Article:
The Rookery

The Rookery

Situated at 125 Hospital Street, in Nantwich, is the Rookery.

It’s a Grade II listed building, built in the mid 18th century, but built on an earlier structure at the rear:
Rear of The Rookery

which dates from the late 16th or early 17th century. You can still see the old brickwork at the back:

Old brickwork at the Rookery, NantwichIn 1674 the building belonged to Lady Mary Minshull who died in 1693.

Local historian James Hall tells us:

This John Richardson, Esq., afterwards purchased for a residence the large old house within walled grounds at Hospital Street-end; and there his son, John Richardson, Esq., died on the 23rd July, 1880, at the age of 68 years.

In the latter half of the seventeenth century, the house appears to have been the town residence of the Minshulls, of Stoke Hall in Aston parish. After the death of Sir Edward Minshull, Kt., in Jan. 1672, his widow, the Dowager Lady Mary Minshull, enjoyed the Nantwich house as portion of her jointure. There she resided in 1674, at which time it was known as “The New Bell,” (Notes and Queries, 1st series, vol. xi, p. 109), a name suggestive of having originally been built as an Inn. She still occupied the same house in 1691; according to a Rate Book of that date; and most likely continued to reside there until her death in 1693.

A century after, the house belonged to George Garnett, Esq.; from whom it descended to his son, the Rev. W. Garnett, Rector of Tilston, in this county; and, after his death in 1829, to the Rev. W.B. Garnett, (now W. B. Garnett-Botfield, Rector of Shifnall) who sold the house to the above-mentioned John Richardson Esq.; whose son of the same name, lately deceased, has left it to George Garnett, Esq., of London.

George Garnett (1734 – 1814) was a cheese factor (someone who buys and sells cheeses).  This site tells us George once sold a shipment of cheese to a firm in London, but learned just afterward that the buyer was about to go bankrupt George immediately jumped on his horse and rode the 166-mile trip to London, arriving just in time to stop delivery and so saved his money! He was elected a Wright’s trustee on 24th Nov. 1779. At the time the Wright’s Almshouses were nearby on London Road, but in 1973–75 got moved to their present location on Beam Street (see here for more details). He also owned Haughton Hall and other properties.

George’s son William Garnett (1766 – 1829) inherited the bulk of his father’s estate and was already very rich when (aged 49) he married Elizabeth Bishton (who was 32 years younger) from a well-to-do Shropshire family  (see here for more details).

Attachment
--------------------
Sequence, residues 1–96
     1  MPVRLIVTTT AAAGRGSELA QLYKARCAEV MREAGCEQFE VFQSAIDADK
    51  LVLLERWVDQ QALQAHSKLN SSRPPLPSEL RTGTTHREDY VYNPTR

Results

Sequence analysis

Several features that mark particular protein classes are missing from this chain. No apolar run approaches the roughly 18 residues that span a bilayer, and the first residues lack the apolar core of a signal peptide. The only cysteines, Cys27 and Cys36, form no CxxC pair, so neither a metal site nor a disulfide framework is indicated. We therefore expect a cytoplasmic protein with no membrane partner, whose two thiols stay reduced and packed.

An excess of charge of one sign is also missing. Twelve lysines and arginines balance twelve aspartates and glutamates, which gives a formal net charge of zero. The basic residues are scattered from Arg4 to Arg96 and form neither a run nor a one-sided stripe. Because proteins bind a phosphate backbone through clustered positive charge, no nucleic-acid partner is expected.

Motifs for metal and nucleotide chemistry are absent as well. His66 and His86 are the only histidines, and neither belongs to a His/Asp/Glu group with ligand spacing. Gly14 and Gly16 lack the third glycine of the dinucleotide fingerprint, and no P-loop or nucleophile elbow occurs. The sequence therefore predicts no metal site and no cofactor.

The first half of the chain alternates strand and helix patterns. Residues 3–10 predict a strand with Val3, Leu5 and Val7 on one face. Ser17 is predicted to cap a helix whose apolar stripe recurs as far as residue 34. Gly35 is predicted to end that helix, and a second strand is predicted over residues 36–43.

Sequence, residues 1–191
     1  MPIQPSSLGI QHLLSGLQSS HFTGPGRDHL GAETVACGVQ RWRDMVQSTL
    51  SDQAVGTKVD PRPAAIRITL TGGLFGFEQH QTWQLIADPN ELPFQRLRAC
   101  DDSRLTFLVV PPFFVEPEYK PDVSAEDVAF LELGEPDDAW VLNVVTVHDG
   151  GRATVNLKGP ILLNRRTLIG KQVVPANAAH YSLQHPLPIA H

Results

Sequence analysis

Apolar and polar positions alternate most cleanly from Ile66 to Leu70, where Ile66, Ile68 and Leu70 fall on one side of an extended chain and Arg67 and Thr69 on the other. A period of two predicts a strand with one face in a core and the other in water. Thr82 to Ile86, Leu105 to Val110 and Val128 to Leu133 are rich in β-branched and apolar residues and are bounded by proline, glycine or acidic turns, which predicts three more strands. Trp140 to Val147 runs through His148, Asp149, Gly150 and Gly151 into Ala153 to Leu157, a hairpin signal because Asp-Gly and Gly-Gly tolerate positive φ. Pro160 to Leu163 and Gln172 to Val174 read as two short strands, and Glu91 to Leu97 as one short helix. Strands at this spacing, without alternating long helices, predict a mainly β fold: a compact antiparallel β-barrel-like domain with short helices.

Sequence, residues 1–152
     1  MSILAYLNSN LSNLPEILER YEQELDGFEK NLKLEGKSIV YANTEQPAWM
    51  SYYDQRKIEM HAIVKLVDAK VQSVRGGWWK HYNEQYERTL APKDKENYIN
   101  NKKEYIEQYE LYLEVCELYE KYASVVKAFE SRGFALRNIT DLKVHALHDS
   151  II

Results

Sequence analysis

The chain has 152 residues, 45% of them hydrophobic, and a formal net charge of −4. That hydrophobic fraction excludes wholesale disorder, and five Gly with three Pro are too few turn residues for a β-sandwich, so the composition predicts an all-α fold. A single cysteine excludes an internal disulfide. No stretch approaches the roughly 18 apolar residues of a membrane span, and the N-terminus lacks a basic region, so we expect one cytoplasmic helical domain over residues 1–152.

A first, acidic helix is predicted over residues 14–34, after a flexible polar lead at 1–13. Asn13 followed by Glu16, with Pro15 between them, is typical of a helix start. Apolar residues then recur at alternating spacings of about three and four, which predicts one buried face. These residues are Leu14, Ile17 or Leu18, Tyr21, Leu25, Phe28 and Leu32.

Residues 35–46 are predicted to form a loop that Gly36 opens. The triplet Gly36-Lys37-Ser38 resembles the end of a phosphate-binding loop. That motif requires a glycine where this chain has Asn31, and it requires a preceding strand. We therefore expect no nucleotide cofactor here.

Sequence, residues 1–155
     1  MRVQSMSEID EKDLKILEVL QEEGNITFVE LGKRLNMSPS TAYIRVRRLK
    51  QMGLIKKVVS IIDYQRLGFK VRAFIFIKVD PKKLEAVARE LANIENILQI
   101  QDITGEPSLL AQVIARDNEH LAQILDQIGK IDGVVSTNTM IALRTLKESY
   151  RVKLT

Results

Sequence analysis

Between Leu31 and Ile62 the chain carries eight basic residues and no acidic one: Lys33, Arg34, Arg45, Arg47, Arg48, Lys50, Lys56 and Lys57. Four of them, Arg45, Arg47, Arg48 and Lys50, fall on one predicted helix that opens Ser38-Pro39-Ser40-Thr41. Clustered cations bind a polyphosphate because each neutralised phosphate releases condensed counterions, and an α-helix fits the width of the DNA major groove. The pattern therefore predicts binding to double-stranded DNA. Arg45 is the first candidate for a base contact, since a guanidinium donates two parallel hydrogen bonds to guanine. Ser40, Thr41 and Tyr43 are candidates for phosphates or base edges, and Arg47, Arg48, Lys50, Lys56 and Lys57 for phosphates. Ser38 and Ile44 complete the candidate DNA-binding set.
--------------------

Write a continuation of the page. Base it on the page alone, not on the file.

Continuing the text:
In 1833 the occupier was Miss Dean.

William Garnett’s son William Bishton Garnett-Botfield  (1816 – 1903) sold the house to John Richardson who is there (with his wife Mary and son John) on the 1851 census. John Richardson is described as a “Landed Proprietor”.

In the 1861 census John Richardson has died and his wife Mary is shown as head of the household, living with her son John and two servants.

In the 1871 census John Richardson is now the head of the household (presumably his mother has died). He lives with two servants and a Mary Pankhurst is a visitor.  Mary Pankhurst comes from Wybunbury and according to this site was a governess to John Jasper Garnett (a grandson of George Garnett). That site also tells us that  they fell in love but did not marry and that George Garnett’s journal relates that this Miss Pankhurst was a “regular nuisance” to the three children!  In case you’re wondering Emily Pankhurst (the famous suffragette) got that surname when she married a member of Mary’s family – see here for more details.

Hall tells us that John Richardson died in 1880 and left it to George Garnett of London (I suspect this is probably a relative to the George Garnett already mentioned).

Mary Pankhurst is shown as living on Hospital Street in the 1881 census with a servant.

In the 1928 edition of Kelly’s Directory, it’s occupied by a physician and surgeon – Charles Victor Pearson M.D., Ch.B.L’pl.

The Victoria and Albert museum have a watercolour of ‘The Rookery, Nantwich’ painted in 1942 by George W. Hooper from the Recording Britain Collection. To view it click here.

The Rookery was recently sold by Baker Wynne  & Wilson:

Front Door of The Rookery, Nantwich

It’s got a substantial front door:

The Front Door of The Rookery, Nantwich

Inside parts have been modernised:

Inside the Rookery

In more recent years it was used as office accommodation.

Upstairs (there are two flights of stairs) you have a fine view of Churches Mansion:

View of Churches Mansion from The Rookery

If you have any more information about the history of this building, please get in touch.

Bill Pearson \ Nantwich Pubs

Bill Pearson \ Nantwich History

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